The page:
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Jean Cocteau’s adaptation of the myth of Orpheus, Orphée, provides a rare successful combination of an ancient story and imaginative cinematic technique. It is not so much an updating of the story as its fresh re-imagining in a modern, quotidian reality. It is as if the story had never been told before and had sprung entirely from its creator’s imagination, while still possessing the resonance of the original myth.

In Cocteau’s version, Orpheus (Jean Marais) is a lauded poet at odds with a younger generation and those promoting it. Among them is a young poet, Cégeste (Edouard Dermithe), who is killed in a traffic accident witnessed by Orpheus and the “Princess” (María Cesares), a chic, refined figure of Death. The Princess’s exotic appeal overwhelms Orpheus, and his pretty, pert, but ordinary wife Eurydice (Marie Déa) is powerless to prevent him from falling in love with all the things she is not.

As in the original myth, Eurydice suffers an untimely death, and Orpheus has to descend into the Underworld to rescue her. Cocteau’s wittiest touch is how he deals with the prohibition against Orpheus looking at Eurydice. In Cocteau’s version, the pair successfully return to earth, but once there, Eurydice is kept out of Orpheus’s line of vision only with the help of the Princess’s chauffeur, Heurtebise (François Périer). Their elaborate precautions come to naught thanks to the rear view mirror in the Princess’s limousine.

It is such imaginative recasting of the ancient in contemporary terms that makes Orphée entrancing. The film’s story should be a foregone conclusion, but Cocteau manages to make us wonder what will happen next through his lively variations on the legend. (Knowing the myth of Orpheus will not prepare you for the ending.) Nor are Cocteau’s inventions restricted to the story. His depiction of the descent into Hades, for example, combines complex photographic techniques, contemporary ruins and simple, almost empty décor, creating a hauntingly evocative oneiric half-world. Hades itself appears as little more than a large, abandoned house, all the more frightening for its simplicity and decay. Even the film’s most famous visual effect, when characters pass through a mirror to journey to Hades, is both under-stated and convincing because it has been grounded in the events.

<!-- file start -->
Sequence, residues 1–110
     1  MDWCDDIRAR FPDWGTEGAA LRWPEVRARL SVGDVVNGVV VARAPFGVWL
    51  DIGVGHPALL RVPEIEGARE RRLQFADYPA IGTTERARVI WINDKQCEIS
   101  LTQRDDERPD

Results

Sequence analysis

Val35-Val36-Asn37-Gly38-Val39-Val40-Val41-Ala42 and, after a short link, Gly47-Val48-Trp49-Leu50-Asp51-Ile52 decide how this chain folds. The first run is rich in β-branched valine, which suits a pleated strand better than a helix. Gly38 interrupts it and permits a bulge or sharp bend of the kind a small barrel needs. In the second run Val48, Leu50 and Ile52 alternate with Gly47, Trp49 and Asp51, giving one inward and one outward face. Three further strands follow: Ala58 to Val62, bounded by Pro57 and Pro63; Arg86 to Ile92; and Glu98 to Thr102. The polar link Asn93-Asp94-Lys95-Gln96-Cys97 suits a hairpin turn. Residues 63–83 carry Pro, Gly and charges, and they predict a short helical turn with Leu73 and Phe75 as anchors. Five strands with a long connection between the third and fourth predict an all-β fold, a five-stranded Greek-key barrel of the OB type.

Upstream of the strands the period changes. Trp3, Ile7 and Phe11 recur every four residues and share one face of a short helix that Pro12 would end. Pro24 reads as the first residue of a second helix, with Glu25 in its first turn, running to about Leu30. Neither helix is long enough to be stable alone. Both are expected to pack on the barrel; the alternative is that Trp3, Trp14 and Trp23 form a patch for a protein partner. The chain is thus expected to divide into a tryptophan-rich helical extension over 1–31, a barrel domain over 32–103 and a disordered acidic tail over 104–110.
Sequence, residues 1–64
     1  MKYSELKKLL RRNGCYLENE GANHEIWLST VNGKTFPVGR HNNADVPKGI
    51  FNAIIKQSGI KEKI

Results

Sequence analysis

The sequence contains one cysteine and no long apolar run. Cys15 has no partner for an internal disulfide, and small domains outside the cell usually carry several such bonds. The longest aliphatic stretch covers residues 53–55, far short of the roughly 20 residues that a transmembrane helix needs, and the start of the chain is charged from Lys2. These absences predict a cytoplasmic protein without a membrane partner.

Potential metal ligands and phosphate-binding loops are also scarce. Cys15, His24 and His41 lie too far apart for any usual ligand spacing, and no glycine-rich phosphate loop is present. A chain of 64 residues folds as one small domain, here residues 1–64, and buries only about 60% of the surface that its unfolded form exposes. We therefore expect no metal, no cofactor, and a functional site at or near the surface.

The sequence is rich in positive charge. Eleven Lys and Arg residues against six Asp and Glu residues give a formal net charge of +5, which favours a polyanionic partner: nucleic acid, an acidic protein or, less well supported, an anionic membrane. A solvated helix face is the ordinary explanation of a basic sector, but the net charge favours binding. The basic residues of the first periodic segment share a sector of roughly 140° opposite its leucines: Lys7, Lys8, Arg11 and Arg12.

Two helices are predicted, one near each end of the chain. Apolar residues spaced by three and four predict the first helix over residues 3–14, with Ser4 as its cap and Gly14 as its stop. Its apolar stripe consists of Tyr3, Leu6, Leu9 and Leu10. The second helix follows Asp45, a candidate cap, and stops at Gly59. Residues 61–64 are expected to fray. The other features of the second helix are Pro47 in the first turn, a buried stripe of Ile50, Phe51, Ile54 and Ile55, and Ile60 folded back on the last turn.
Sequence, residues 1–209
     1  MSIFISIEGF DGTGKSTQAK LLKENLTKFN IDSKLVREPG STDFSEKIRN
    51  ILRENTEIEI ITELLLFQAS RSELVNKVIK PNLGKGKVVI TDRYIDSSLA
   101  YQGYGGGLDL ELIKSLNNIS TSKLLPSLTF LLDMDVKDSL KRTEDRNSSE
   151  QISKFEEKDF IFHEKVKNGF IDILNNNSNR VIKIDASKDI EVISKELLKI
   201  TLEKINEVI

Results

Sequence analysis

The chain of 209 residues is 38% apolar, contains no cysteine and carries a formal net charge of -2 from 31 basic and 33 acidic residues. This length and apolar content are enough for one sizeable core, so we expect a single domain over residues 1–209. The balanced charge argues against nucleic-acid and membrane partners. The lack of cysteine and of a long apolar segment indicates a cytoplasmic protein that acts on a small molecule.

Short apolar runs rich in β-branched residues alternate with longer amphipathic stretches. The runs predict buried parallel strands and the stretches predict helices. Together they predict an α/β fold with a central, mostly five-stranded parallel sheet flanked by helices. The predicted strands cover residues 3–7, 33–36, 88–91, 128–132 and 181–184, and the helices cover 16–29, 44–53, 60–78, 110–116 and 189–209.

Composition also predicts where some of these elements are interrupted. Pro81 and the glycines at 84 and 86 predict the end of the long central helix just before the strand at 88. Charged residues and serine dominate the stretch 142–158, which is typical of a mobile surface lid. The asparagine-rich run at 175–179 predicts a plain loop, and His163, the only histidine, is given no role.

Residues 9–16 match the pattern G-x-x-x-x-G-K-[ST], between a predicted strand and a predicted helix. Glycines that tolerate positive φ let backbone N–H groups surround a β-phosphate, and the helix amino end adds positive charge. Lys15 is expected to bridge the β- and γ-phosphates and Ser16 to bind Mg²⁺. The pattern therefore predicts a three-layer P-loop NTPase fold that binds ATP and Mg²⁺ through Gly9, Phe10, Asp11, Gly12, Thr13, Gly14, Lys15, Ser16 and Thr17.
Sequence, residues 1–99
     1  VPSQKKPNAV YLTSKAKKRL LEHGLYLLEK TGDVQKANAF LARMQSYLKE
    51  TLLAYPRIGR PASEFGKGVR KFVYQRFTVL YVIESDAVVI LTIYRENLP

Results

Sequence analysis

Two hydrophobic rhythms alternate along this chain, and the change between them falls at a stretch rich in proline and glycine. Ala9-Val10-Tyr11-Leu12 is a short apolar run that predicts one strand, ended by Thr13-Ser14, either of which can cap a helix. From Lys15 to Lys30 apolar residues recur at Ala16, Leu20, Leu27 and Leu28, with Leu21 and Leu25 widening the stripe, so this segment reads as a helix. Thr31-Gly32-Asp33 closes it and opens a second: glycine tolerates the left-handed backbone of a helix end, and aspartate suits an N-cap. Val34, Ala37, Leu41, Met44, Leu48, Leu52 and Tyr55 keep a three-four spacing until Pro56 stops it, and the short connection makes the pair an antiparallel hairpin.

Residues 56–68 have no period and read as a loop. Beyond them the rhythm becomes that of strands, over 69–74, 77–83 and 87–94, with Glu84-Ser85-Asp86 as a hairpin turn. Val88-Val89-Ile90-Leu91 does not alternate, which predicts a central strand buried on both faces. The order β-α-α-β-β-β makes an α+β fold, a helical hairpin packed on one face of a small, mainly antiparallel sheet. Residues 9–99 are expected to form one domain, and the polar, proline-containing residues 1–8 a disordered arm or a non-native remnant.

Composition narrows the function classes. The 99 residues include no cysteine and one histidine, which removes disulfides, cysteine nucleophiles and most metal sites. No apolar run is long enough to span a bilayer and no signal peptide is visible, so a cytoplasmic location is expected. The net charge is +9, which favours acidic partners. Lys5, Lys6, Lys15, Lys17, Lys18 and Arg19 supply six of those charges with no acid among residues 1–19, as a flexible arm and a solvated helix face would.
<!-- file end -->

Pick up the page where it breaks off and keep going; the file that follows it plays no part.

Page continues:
The word “poetic” is often used in film criticism to cover a critic’s incomprehension and unwillingness to appear stupid. It is something like a code word for “difficult” or “arty.” Perhaps because Orphée was directed by a real poet, no such hedging is necessary. Cocteau knows that poetry is a matter not of complexity or obscurity, but of absolute clarity achieved through compressed, economical expression. At the same time he recognizes that it is not easy to bend the Realistic surfaces and melodramatic situations of traditional narrative expectation to poetic aims. That Cocteau succeeds is admirable. That he can make the results so pleasurable to viewers like myself otherwise indifferent to poetry is extraordinary.

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